Wednesday, April 18, 2012

Should Congress Fix the Economy?

A survey of sixteen economists, conducted by CNNMoney, reveals rampant skepticism regarding Congress’ ability to fix our nation’s ailing economy in the foreseeable future. There are plenty of ideas proposed by economists that will stimulate the struggling economy, but it would be naïve to expect “Congress to enact any of them any time soon.”

Specifically, the survey addressed two timeframes as potential windows for action. Five economists expect some kind of action after the election in 2013, but just one anticipates action before the end of this year. None of the sixteen polled economists expect any semblance of action before the upcoming presidential election.

Congress appears to be paralyzed by gridlock. Is this necessarily a bad thing? In this instance, it appears that gridlock may ultimately serve in the best interests of our country. According to Russell Price of Ameriprise Financial, “there was a time in this recent period where the economy benefited from the assistance of government actions, but now it is time for (Congress) to resume its place on the sidelines.” Many cited in the study, including the opinion of Price, feel that the economy will be better off if Congress remains inactive in the economic arena. With that said, is the gridlock fueling Congress’ inactivity fueling America finding its economic footing?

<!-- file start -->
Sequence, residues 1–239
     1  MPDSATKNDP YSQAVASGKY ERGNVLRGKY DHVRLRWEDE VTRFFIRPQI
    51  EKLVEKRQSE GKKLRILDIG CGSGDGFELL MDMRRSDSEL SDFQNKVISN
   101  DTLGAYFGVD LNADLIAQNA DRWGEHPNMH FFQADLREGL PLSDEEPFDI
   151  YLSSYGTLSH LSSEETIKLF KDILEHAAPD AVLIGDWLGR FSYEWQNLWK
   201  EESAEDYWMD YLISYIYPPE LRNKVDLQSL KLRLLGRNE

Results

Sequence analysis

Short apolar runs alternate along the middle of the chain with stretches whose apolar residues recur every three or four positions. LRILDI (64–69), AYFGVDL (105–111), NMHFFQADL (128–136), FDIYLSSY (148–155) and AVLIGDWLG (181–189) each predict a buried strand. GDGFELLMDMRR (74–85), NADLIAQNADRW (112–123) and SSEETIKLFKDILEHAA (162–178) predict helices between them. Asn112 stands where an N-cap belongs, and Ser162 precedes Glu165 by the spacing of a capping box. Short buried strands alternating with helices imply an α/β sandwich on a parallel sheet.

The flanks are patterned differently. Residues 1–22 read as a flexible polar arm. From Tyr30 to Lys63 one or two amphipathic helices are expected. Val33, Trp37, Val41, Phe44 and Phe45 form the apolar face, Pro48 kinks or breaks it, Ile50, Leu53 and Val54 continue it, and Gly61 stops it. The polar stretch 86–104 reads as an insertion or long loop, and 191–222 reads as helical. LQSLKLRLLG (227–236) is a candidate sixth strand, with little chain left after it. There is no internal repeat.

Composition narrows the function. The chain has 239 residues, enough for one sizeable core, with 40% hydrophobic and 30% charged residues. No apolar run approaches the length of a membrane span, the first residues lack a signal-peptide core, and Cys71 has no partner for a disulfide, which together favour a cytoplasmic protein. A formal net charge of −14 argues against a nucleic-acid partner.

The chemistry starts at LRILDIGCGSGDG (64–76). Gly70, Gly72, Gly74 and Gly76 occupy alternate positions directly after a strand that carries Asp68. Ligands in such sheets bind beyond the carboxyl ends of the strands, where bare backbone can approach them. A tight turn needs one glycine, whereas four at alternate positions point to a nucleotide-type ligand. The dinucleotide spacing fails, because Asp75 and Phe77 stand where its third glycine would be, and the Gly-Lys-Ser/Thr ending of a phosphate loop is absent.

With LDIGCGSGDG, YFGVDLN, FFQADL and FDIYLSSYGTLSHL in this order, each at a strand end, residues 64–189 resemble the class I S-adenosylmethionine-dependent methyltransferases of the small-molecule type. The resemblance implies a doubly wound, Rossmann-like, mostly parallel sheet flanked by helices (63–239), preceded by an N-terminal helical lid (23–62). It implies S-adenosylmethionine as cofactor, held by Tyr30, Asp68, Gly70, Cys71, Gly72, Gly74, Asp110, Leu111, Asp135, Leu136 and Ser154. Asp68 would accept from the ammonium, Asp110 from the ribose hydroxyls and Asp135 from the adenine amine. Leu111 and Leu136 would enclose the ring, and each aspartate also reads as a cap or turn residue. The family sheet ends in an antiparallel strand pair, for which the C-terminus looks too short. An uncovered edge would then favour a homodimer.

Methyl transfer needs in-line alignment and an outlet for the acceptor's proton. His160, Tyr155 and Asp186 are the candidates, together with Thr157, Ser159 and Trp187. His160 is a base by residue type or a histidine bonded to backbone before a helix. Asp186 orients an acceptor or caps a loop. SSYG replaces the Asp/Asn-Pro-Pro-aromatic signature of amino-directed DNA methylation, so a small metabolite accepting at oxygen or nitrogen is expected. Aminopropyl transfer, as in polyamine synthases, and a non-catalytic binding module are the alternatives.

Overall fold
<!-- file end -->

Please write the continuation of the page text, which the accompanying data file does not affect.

1 comment:

  1. John, I was actually making similar arguments to someone earlier this week! It appears to me as though gridlock may help the national interest, in terms of deficit reduction, as long as the default option leads us on a more sustainable fiscal path. As of now, the income tax rate situation is just that. So maybe the gridlock fueling Congress' inactivity will address our mounting deficit. However, the good government advocate in me hates to embrace gridlock or look at it as a solution.